First of all, thanks for your curiosity about downloading music from the internet. After reading these hints, I hope you'll give it a try. At this point, I will assume that you haven't purchased any specialized programs for playing audio files. After all, I haven't either! I will discuss downloading and saving separately. Since most people have Internet Explorer these days, I'll use this program as my example. But most of what I say works exactly the same in any other browser.
If you just want to listen to something quickly, such as a
sample of a song, then a simple download is your best choice.
Here's what happens. Screen-reader users, just hit your tab key
until you hear the name of the file that interests you. Everyone
else, chase your mouse to the link you want! Then hit "enter"
or click the left mouse button, depending on your browser.
At this point Windows actually opens another program for you, your default player. Unless you've done something to change this, for mp3 files this is probably going to be Windows Media Player. On other sites, you will end up in Real Player for some real audio files. But I like the mp3 because the standards don't change much and you're not required to upgrade your program every 20 minutes to keep up.
For those of you using screen reading software, you'll hear the name of the program spoken, Windows Media Player or whatever.
After a minute or so of disc whirring, surprise! You'll start hearing music. So you sit back to enjoy. But then it stops. It starts again, stops, and sputters its way through the song. Here's why. When you listen to something like a radio station on the internet, of course you want constant sound, keeping up with what's going on at the radio station, right? Sending information live like this is called streaming. So when you download a file, your browser tries to be smart for you. It looks at the file size, determines how long the download might take, and assumes that you want to hear it right away. So when it thinks the timing is right, it starts playing it for you. The trouble is, the data comes to you in chunks. In reality, unless you have a super fast connection, one chunk often finishes before the next one is ready. That gives you the pauses. There's nothing wrong with your computer or with my web site. That's just how it works!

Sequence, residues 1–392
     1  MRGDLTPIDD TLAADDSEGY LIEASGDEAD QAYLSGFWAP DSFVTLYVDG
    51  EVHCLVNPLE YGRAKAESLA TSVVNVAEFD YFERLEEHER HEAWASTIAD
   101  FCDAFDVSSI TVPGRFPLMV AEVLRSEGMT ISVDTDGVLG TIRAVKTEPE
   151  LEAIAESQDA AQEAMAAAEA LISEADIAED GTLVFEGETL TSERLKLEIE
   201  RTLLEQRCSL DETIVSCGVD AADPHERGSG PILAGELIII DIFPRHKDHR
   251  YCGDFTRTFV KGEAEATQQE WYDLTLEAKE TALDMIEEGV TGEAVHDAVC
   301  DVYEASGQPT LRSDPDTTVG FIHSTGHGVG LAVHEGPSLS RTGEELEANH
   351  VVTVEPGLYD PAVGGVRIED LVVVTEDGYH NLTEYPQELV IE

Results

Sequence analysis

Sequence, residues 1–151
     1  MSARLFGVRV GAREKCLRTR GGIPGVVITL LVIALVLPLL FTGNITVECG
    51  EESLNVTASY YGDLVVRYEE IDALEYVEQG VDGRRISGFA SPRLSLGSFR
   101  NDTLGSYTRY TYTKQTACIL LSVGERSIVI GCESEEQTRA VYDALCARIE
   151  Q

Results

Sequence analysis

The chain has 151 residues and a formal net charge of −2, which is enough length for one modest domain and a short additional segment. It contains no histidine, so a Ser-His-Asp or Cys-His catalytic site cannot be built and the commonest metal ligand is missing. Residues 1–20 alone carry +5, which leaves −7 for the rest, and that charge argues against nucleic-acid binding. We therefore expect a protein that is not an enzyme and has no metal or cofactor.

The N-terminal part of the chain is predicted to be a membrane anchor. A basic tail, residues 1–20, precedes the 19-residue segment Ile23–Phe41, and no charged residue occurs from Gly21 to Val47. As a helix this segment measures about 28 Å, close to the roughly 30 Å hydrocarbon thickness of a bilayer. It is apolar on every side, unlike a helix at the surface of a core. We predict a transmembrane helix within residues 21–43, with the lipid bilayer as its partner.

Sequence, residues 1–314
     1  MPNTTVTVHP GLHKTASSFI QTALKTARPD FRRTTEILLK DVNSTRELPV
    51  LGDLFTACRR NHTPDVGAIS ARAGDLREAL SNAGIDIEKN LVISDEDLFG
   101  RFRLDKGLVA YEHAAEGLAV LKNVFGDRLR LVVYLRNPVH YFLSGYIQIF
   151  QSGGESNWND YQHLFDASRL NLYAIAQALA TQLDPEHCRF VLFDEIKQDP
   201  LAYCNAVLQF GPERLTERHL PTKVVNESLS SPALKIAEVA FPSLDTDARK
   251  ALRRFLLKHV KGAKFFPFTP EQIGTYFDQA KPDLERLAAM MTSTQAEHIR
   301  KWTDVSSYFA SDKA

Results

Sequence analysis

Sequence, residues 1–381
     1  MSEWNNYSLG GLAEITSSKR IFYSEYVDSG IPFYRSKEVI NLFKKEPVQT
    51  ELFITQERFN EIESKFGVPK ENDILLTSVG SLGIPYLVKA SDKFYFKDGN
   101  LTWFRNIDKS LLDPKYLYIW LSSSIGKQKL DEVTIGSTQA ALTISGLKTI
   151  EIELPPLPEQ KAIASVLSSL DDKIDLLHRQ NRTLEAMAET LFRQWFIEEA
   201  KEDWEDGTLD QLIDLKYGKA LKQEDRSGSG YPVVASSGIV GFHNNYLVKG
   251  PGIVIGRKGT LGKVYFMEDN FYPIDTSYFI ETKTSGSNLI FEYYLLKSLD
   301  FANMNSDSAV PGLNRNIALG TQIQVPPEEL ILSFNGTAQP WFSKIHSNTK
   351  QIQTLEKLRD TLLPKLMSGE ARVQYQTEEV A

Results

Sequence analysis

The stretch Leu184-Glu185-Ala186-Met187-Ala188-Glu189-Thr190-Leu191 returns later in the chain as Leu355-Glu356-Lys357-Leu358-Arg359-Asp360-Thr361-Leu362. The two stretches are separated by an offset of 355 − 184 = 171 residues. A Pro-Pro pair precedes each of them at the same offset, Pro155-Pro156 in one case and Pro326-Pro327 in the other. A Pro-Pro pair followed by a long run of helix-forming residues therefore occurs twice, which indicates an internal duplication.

Once the download has finished, you are still in Windows Media Player. Hitting the space bar will play and pause the selection. Hitting the period will stop it. The up and down-arrow keys raise and lower the volume. If all you want to do is hear something quickly, then after you've listened, just exit the media player (Use alt-F4 or alt-F, then x) and you'll be returned to my web site. If you later decide you want to find that file, it's stored in your browser's history or cache. If your computer skills are like mine, you could create the song faster than finding it this way! I often find it faster to open it again from the web page itself.
If you know you want to keep a file, or you don't want to listen to the chunked up version of something first, there is a way to save it. Start by using that tab key or mouse to find the file that interests you. Instead of hitting "enter" hit the Windows context menu key. (or right click!) The down-arrow key will then take you to a familiar looking save file dialog. Hit enter and save the file just as you would in any other windows program. In this dialog you can choose the folder in which to save it. If you don't know the name of your default player, when you want to hear the file, just open it from the Windows Explorer. Go to its folder and hit "enter" on the file name. Windows will again automatically open the media player for you. But you will hear the entire song, uninterrupted.
So now that I've hopefully removed some of the mystery, why not give it a try! Then let me know how I did!
If you have any problems or suggestions, please feel free to Email me.
And of course, once you've successfully downloaded music files, I hope to see you on my order page.
Music of the Month
Guide Dogs First Hand
The Guide Dog Glee Club
From The Song Banks of Laurel Creek
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